'It Chapter Two' director Andy Muschietti wants to remake 'The Howling'.

Andy Muschietti

Andy Muschietti

The 45-year-old filmmaker appeared on a panel at San Diego Comic-Con alongside the cast of the film, which included James McAvoy, Jessica Chastain, Bill Hader, Isaiah Mustafa, Jay Ryan and James Ransone, where he revealed that he would love to recreate the 1981 hit horror film, based on the novel of the same name by Gary Brandner.

When a fan asked which horror films they think are too sacred to reboot, and which they would like to remake at New Line's ScareDiego session at San Diego Comic-Con,

James said: "I assume to the chagrin of Stephen King that we should not remake 'The Shining'."

Jessica suggested: "Something like 'Rosemary's Baby', something that comes from a director who is incredibly visionary, and they really told the story in their own way; I can't imagine remaking."

Other titles that were suggested as too sacred to reboot included John Carpenter's 'They Live' and 'Big Trouble in Little China'.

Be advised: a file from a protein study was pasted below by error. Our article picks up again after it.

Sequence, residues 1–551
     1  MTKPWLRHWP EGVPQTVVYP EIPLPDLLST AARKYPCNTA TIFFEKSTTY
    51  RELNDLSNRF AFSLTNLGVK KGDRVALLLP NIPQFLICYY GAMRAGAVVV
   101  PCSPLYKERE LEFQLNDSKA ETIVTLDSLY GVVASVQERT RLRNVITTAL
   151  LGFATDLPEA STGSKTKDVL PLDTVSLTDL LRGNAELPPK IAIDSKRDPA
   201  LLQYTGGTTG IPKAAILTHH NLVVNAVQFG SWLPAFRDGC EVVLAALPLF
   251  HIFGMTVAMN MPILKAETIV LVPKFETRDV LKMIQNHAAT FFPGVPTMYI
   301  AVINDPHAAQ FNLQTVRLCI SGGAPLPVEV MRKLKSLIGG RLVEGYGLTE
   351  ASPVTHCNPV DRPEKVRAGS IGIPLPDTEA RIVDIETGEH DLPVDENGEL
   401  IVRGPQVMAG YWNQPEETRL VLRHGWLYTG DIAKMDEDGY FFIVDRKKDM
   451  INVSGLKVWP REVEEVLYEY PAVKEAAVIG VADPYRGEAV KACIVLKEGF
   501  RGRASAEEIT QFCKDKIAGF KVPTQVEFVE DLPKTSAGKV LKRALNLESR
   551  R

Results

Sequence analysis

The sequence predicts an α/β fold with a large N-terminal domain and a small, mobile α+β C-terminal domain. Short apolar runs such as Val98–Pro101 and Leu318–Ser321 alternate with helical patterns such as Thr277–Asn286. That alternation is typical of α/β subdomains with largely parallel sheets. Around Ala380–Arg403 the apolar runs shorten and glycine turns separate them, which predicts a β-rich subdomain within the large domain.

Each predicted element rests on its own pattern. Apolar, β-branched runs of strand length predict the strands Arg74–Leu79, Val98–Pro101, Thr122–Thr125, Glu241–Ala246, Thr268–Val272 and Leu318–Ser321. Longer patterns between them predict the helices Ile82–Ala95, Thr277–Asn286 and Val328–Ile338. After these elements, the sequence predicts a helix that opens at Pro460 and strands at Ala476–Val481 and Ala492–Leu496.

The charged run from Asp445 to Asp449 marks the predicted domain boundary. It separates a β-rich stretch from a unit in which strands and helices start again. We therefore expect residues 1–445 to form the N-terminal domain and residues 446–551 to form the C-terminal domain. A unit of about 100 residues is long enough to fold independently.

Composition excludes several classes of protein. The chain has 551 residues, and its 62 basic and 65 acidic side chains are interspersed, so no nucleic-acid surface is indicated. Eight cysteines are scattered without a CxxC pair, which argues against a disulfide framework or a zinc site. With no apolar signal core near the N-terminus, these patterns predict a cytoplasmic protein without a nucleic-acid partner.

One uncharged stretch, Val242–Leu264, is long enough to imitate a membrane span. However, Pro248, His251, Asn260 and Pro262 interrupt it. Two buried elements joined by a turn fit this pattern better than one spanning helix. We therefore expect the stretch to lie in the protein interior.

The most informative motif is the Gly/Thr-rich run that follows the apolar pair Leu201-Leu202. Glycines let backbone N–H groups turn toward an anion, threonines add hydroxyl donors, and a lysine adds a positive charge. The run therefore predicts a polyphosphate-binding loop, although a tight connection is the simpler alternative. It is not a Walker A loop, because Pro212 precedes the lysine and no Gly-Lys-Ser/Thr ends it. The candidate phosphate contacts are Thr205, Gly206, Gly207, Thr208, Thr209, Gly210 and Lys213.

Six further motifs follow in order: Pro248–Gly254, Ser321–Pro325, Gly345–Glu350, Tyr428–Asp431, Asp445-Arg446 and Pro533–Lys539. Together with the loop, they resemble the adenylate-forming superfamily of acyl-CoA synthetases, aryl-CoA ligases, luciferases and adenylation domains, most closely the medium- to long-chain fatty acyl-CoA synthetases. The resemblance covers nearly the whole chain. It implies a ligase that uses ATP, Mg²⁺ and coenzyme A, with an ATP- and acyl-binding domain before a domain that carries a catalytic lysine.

Moving on to which films they would like to remake, Andy told the crowd it would be the 1981 film 'The Howling' to which Bill replied: "If you remade 'The Howling', that would be rad."

'The Howling' - directed by Joe Dante - is a cult classic of the werewolf genre and was one of three lycanthrope focused horror movies to be released in 1981, the others being 'An American Werewolf in London' and 'Wolfen' in what proved to be a vintage year for the monster.

'It Chapter Two' - based on Stephen King's 1986 novel - is set for release this September and is set 27 years after the first instalment with grown-up versions of the Loser Club battling Pennywise the Dancing Clown one more time as the evil entity returns to terrorise the children of Derry, Maine.

'Mama' helmer Andy previously teased the upcoming film - which will see Chastain, McAvoy, Hader, Ransone and Andy Bean play the adult versions of Beverly, Bill, Richie, Eddie and Stan, respectively - will include "everything that people love" from the first film, but "cranked up" a notch.

He said: "I think that everything that people love from the first one, like the humour and the emotions and the horror, will all be there, and cranked up, in some cases."